St Philip's Catholic Church

Junction Road, Blackburn North

Built by Alfred Fuller 1897
Installed at Methodist Church, Mackenzie Street, Bendigo 1900
Installed at 'Brightwell', Heathcote, residence of
Howard & Margaret Terrill 1999 Wakeley Pipe Organs
Installed present location 2012 Wakeley Pipe Organs
2 manuals, 9 speaking stops, 3 couplers, mechanical action




St Philip's Catholic Church, Blackburn North: the exterior
[photograph by John Maidment (1 February 2013)]


Historical and Technical Documentation by John Maidment
© OHTA, 2013 (last updated February 2013)


The history of St Philip's Church dates back to 1963 while the first local committee was elected in 1964. A church and school were erected shortly afterwards.1 The present church building was dedicated on 4 June 1989. The architects were Graeme Law & Associates Pty Ltd.2 It is a building showing great care and competence in its design, with a lofty nave, and its roof supported on substantial trusses, brick walls, terracotta tiled roofs and eaves of individual character. It reflects the tradition of brick and tile manufacture in the Tunstall area nearby and enjoys a fine acoustic.



St Philip's Catholic Church, Blackburn North: the organ viewed from the nave
[photograph by John Maidment (1 February 2013)]

The organ was built in 1897 by Alfred Fuller, of Kew. A card found in the swell windchest had the inscription 'Alfred Fuller and Son / 29/9/97 Kew / Melbourne'.3 In the dismantling process it was evident that the great soundboard and pipework were much older than the swell soundboard, pipework, console and action. Investigations revealed that Fuller traded in a pipe organ and installed a new one at St John's Anglican Church, Heidelberg that was opened on 8 January 1896. The Great soundboard is most likely from the earlier organ at Heidelberg. George Fincham described this organ in 1879 as a single manual instrument with four stops: Open Diapason metal 44 pipes, Stopped Diapason wood 56 pipes, Principal 4 56 pipes, Fifteenth 2 56 pipes, enclosed in mahogany case with gilt speaking pipes in front.4 The origins of this instrument date back to a three-cylinder rotating barrel organ installed in the church in 1852 and rebuilt by Fincham in 1873 who installed a keyboard with action and extra pipes.5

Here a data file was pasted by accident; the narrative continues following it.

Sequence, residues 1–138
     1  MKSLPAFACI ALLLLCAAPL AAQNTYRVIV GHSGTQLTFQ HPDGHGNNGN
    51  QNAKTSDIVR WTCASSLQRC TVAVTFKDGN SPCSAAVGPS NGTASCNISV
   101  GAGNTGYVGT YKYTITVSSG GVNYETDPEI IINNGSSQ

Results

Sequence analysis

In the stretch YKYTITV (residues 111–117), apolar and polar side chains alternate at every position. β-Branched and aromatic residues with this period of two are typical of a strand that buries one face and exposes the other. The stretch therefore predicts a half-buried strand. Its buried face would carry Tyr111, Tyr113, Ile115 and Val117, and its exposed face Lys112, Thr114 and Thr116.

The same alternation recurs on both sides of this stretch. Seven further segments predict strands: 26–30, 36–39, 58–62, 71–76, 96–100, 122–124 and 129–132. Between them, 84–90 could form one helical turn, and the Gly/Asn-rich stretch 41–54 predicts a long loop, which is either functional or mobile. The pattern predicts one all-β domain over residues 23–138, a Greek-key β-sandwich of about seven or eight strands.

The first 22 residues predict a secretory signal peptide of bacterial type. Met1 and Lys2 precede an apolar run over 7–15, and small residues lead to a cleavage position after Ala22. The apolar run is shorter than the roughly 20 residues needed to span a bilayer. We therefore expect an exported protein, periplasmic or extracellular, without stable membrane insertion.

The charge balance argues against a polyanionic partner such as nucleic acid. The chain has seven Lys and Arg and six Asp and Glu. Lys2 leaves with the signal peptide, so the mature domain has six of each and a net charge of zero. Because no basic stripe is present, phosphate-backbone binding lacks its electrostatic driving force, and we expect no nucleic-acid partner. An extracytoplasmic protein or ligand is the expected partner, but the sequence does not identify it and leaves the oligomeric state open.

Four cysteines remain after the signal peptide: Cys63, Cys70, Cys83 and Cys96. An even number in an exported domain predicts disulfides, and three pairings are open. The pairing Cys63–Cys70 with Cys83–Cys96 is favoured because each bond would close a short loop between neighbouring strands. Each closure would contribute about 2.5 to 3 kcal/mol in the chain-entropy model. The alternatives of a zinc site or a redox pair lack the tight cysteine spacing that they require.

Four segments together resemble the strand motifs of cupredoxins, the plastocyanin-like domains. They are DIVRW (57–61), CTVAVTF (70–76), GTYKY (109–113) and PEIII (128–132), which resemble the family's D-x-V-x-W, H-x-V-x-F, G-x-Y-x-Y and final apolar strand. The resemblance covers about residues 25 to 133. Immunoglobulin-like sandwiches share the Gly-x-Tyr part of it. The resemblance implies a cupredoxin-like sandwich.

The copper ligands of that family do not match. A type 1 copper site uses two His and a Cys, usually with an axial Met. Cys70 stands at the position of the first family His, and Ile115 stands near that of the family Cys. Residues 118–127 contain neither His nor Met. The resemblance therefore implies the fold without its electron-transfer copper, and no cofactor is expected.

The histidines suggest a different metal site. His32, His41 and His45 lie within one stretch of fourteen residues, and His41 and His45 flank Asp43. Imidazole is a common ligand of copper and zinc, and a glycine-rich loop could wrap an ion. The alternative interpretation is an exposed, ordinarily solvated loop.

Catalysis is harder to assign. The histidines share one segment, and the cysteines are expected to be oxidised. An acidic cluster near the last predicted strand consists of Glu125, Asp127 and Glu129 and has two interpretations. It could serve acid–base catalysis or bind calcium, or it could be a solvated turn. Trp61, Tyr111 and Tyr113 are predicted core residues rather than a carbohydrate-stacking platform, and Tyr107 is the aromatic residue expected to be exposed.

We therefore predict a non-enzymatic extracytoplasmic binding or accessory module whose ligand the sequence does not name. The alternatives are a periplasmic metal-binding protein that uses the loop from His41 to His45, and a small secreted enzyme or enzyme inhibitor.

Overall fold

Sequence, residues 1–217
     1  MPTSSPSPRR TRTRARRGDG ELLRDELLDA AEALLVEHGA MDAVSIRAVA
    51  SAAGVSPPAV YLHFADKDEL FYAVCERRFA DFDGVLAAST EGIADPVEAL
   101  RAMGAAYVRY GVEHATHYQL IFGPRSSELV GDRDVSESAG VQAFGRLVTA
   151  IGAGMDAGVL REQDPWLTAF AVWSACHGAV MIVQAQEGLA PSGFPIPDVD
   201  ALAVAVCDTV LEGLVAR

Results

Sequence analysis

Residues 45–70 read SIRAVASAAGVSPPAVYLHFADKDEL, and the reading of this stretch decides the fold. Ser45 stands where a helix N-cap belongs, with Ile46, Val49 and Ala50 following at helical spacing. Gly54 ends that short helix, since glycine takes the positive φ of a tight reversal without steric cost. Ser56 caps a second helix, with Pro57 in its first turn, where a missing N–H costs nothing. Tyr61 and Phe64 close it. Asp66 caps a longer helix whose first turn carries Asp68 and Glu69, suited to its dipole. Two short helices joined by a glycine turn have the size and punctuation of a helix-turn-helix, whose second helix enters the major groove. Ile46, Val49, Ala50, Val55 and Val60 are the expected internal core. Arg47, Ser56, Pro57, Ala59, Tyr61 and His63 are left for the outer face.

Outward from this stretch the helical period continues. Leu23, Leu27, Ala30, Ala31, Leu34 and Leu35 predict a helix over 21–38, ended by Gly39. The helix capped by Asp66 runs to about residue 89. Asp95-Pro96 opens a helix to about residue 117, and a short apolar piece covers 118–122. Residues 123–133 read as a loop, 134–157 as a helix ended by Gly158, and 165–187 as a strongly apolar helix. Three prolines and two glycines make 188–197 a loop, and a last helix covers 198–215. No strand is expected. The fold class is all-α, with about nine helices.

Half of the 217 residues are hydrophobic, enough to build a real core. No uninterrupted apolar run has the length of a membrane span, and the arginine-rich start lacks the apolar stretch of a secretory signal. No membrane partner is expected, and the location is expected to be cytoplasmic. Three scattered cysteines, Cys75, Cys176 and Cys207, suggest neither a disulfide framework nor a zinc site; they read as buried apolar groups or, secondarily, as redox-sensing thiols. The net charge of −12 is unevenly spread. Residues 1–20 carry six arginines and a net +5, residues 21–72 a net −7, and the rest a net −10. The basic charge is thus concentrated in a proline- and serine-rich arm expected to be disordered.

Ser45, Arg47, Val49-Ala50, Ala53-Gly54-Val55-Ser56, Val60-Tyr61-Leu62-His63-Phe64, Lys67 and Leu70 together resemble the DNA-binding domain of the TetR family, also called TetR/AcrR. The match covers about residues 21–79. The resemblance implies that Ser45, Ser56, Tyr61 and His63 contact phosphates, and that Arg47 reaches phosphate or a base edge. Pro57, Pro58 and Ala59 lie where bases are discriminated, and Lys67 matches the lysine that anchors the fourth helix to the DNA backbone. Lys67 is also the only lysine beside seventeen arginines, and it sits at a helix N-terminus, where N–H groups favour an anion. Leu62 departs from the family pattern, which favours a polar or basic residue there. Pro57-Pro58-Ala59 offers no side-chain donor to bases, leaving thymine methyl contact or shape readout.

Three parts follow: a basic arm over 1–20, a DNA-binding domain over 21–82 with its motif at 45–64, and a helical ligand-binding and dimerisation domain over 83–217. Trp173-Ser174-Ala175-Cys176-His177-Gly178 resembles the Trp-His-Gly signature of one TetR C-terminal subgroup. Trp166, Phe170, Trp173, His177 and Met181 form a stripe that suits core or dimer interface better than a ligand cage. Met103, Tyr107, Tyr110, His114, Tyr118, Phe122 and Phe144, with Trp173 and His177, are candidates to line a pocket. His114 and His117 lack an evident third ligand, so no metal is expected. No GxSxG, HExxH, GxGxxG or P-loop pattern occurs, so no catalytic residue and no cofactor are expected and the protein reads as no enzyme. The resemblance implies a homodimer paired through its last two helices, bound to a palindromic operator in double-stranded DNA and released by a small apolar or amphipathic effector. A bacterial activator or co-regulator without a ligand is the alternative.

The minutes of the Mackenzie Street Methodist Church of 15 August 1900 state:

"That we obtain the Pipe Organ offered by A. Fuller, if he will take the £150 and alter the Cornopean stop to some other, say Gamba or Keraulophon. N.B. This is to be erected in the Church complete for the amount stated."6


As an historical aside, the minutes of 20 January 1901 state: "That the Organ Blower be paid 6/6d per quarter."



St Philip's Catholic Church, Blackburn North: the organ
[photograph by John Maidment (1 February 2013)]

To the older nucleus, Fuller extended the case laterally and provided two five-pipe towers at floor level. Additional case posts and a distinctive frieze of Gothic arches above the console were supplied, the latter closed by a folding lid. The lateral towers are very much a signature of his work and three other examples may be found in the organs he built for St Mary's Catholic Church, Echuca 1890 (now at St John's Catholic Church, Heidelberg), St John's Anglican Church, Heidelberg 1896 (rebuilt and altered in the 1960s) and Scots Presbyterian Church, Fremantle 1897 – these were also typical of the work of the English organbuilder G.M. Holdich with whom Fuller worked in England. The action, console, wind system and swell box are Fuller's work. A characteristic feature of his work is the two wind indicators enclosed within glass panels, one at the console and a second at the rear of the organ, for the blower.